28. IX. 15
It is not in the character of the extravert to be distrustful. As long as he still considers his thinking infallible, he will be distrustful toward the thoughts of the other in his thinking. But in most cases the extravert has still to learn how to be distrustful in his feelings.
You read a mistrust into my last letter that wasn’t there, and you speak, therefore, of mutual mistrust. I did grant you the a priori trust you postulated in your letter, and thus my first reaction when reading it was being greatly astounded that you took a large part of my remarks personally, and adopt an attitude toward them like someone who defends himself against someone distrustful.
In the first part of my letter, in which I wrote only about the psychology of the extravert, I tried to set forth my views on the latter’s problems, and to stress particularly those points in which my views do not agree with yours. I was far from wanting to lecture you, let alone to reform you. I simply felt the need to explain what I see as my truth. I admit that there were times when I believed that the introvert would have to take the same way as the extravert to realize his feelings. I have long since reached the conclusion, however, that such processes—if he has to go through them at all—are of much less importance to the introvert for the realization of his feelings, much as the classical languages are less important to a doctor than to a philologist. For the extravert these processes are indispensable for the development of his personality; for the introvert they are indispensable only insofar as he also wants to develop his feeling side,182 and183 I am far from claiming that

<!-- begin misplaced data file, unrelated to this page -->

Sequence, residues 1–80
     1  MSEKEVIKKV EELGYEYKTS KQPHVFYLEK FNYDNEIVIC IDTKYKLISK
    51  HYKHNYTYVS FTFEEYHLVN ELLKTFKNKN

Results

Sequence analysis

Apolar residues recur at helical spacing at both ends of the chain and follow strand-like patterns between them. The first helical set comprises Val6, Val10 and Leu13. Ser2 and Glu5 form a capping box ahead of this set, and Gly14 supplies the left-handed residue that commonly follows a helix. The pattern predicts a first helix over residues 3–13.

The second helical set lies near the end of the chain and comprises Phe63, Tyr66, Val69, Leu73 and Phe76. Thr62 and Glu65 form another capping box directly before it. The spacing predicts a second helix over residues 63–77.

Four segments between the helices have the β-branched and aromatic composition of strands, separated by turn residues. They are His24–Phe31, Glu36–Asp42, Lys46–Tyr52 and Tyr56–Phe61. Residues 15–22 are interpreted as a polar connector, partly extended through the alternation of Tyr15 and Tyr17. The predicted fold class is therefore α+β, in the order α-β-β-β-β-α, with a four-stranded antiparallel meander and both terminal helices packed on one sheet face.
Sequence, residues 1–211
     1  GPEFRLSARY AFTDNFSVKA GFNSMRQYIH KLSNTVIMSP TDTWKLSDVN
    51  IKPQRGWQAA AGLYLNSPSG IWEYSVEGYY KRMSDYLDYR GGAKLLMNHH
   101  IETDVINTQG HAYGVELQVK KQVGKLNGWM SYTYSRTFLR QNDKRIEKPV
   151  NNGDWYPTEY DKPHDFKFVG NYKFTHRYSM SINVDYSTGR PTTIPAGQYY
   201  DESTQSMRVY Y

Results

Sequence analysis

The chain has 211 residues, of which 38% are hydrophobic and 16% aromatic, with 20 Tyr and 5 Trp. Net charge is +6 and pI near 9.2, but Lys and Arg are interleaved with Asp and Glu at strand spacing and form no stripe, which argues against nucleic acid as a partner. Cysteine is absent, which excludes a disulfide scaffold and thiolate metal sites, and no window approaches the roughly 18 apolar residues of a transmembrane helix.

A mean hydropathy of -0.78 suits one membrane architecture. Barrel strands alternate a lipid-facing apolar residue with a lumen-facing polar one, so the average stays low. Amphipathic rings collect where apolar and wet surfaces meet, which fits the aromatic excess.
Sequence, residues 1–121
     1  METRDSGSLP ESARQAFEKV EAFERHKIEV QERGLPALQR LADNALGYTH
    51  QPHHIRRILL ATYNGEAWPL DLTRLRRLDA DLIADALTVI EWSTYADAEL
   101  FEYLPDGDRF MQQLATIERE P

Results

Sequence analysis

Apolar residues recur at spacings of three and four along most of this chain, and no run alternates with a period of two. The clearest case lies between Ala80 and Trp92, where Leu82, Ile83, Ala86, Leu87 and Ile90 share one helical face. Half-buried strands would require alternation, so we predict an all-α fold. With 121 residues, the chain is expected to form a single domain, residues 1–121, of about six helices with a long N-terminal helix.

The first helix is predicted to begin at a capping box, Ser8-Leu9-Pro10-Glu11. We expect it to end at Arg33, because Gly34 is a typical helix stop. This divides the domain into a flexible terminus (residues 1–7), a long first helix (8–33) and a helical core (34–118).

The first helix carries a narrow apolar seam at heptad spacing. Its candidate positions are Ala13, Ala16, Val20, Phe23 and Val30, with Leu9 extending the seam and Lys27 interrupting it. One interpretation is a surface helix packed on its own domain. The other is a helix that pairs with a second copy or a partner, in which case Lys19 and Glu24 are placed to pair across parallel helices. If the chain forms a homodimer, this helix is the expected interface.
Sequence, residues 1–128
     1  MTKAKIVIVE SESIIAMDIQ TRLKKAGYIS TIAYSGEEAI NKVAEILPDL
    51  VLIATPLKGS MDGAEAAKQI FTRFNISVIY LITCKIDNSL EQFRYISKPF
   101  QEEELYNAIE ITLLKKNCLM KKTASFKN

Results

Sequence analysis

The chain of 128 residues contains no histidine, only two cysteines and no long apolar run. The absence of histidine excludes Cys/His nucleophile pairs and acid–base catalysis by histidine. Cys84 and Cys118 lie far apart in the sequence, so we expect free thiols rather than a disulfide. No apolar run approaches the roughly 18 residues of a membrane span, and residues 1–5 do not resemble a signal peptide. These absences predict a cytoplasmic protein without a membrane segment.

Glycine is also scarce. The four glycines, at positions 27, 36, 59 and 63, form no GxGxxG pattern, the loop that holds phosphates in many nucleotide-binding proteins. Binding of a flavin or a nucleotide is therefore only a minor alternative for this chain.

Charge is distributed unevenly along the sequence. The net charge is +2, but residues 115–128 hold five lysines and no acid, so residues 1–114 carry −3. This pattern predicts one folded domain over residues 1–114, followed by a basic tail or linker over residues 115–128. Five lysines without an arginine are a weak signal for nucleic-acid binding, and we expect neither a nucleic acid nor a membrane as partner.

182 Here again, the feeling side of the introvert is assumed by Schmid (following Jung’s original equation of feeling and extraversion) to be extraverted— even if mostly undeveloped, because in the unconscious.
183 Rest of sentence beginning with “and” inserted later.